There is always the first time someone lets you down.
Always the first wound, and even if they tend to that wound after, even if they do everything to make up for what they inflicted, it’s hard not to hold on to that very first time. The first time you were a bright spark of hope, and the person who lit you up looked at your light, and asked you to lay down your torch.
There is always the first wound. It remains where it formed; it remains locked deep under the skin. Scar tissue is never as supple as that which it replaces.
(How hard it is to undo our mind once we believe something to be true. Once we’ve committed to an idea. Even when it’s the most damaged idea we’ve ever had).
I broke what we had, and it’s our love that is in fragments. So what if a piece or two stayed lodged in our hearts. That’s more like a wound than love, in the end.
In the end.
When do you get to the end of love? The moment it breaks apart? Or is that just another beginning? I don’t know anything. Or I know this. My love for Ash has been revived like some Frankenstein’s monster, a gross, distorted version of what it was before. A version where I break up his family, take him from his child, from the friends who wouldn’t choose his happiness this time, because they wouldn’t trust it, wouldn’t trust me. That version, the one I’ve cobbled together since we met up again – at a bar not unlike this one, come to think – that version is why I had to leave, and why I am more alone than ever, here in this never-sleeping city.
In the end.
In the end, you can’t get back what you’ve lost. You can’t bring back the dead. There is a girl who died today, and I don’t even know her name. I will need the police or the papers to tell me. I will need them to tell me the way she died. Even though I was the one who made it real, even though I was the one who finished whatever was started last night, or this morning, when someone smashed in her skull, when they left her on the rocks, half-naked and waiting.
I need another whiskey. I can see her face. I know she wants to tell me something. I know she has something to say about all there is to lose – in the end.
I head back to the bar, passing the nuzzling, love-soaked couple and their shared couch cushion. Wanting, suddenly, to stop and tell them that I’m so very sorry for everything that will surely come their way.
I never expected to have the kind of life they put on Christmas cards. I knew there were times ahead as dark as the ones already gone. I knew I would not suddenly glide through life, as if on ice skates in some soda commercial. I’m the kind to bump, and fall. I knew I’d have many, many bruises to come. But I wanted them. I want them now. I want the stain under my skin that says things are alive and warm in here, and parts can die, but the rest of you lives on. I’m even jealous of paper cuts now, of all the sharp, surprising stings. The way every nerve jumps to your surface, the protest of it. The way that when you hurt, it means you are alive.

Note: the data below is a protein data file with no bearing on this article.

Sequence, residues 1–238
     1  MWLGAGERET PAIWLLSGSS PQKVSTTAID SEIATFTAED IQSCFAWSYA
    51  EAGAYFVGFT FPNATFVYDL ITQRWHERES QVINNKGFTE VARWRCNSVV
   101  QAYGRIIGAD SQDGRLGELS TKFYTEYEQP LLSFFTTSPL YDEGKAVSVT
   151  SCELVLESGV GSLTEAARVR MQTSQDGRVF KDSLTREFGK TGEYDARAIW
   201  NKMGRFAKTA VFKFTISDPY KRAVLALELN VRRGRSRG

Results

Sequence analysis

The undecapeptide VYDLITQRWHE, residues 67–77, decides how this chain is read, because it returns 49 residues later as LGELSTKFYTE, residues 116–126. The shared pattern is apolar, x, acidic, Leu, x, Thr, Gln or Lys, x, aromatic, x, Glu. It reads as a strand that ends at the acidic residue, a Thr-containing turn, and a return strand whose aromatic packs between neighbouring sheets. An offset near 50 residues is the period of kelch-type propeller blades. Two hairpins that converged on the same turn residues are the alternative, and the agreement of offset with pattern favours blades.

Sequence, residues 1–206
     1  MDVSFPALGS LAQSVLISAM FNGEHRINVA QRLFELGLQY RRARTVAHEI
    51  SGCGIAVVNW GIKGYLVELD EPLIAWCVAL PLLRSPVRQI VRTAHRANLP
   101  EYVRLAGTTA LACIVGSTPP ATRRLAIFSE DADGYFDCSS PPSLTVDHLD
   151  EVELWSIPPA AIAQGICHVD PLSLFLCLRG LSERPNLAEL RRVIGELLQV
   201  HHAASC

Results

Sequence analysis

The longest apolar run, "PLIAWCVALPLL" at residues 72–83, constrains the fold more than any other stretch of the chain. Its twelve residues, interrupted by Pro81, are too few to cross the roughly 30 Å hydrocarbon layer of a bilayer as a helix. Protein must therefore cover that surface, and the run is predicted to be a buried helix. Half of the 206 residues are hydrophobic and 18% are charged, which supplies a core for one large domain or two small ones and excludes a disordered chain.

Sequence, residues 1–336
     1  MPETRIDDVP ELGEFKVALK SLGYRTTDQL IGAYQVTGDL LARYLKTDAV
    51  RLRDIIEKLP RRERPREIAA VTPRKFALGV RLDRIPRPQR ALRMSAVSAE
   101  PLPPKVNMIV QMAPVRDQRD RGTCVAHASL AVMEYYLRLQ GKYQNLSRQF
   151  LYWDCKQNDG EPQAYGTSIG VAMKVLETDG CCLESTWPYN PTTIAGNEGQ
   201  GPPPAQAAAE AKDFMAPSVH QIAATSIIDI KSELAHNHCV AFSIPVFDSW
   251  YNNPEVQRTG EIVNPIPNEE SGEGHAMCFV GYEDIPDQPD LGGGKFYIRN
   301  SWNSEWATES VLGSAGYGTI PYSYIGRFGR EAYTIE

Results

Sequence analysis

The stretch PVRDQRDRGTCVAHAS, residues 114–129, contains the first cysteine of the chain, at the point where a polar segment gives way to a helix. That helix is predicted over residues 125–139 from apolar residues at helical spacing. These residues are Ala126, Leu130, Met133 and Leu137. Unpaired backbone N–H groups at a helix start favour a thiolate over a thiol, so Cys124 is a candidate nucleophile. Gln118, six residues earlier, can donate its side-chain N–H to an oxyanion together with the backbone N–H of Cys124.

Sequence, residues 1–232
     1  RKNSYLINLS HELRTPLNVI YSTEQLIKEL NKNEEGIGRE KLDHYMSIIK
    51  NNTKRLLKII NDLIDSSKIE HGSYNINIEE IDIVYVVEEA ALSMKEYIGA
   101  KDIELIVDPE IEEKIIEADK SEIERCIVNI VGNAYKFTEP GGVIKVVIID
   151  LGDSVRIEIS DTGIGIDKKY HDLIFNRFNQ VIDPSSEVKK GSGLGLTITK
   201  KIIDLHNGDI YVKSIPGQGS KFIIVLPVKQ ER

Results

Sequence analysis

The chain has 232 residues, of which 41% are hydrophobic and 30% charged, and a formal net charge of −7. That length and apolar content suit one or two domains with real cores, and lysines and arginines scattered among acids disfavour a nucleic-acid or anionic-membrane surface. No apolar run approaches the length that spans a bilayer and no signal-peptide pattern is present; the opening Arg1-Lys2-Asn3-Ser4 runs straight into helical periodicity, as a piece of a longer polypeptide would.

I’m not going to make it.
Time is its own slowing beat right now. My life before is being lived again, and the life ahead, the one I haven’t had a chance to reach yet, that’s playing for me too. I see myself two years from now, five, ten, twenty-seven. I’m not even old by then, by the time I’ve accumulated all that extra living. But there are entire lives I’ve lived to get there. A kaleidoscope of people and feelings and mistakes and love. I see it all ahead of me, and I know I am not going to get to live it.
I am already dead, perhaps, in the way that parts of you die first, before the rest of you catches up. I can’t find any rope to hold onto, anything to pull myself along, to get myself back into my body. The body, it keeps the score. It knows and wins or loses without you ever really getting to say. That man has killed my body. I am untouched in other places, but my body is now splayed out on the rocks, and he has gone, and soon there will be a lonely girl who looks down and out across at me. I see her coming or see her already here and she’s sadder than I’ve ever been, because all of her sorrow is simmering still. It hasn’t boiled over and scalded her life, so she can’t say for sure just what it is that happened to her.
I’ll still know the date you said yes, still see the girl with her hand to her mouth and her back to the wall, surrounded by love and alcohol – these midwives who birthed her grief, and carried her, carefully, back into the world.
I’ll still know those next years by your door and its swinging. The calendar of words and reaching from either side, and the times we didn’t speak at all. How I left a trail of breadcrumbs all over the silence – and how you didn’t follow them home.
And I’ll know the times you did.
I’ll still know the last time I saw you, love. The last, last time, and I’ll count away from this day, as if it is my midnight, the end and the beginning of everything. Wondering still, in the dark of this hour, if the way you couldn’t love me – meant I couldn’t be loved at all.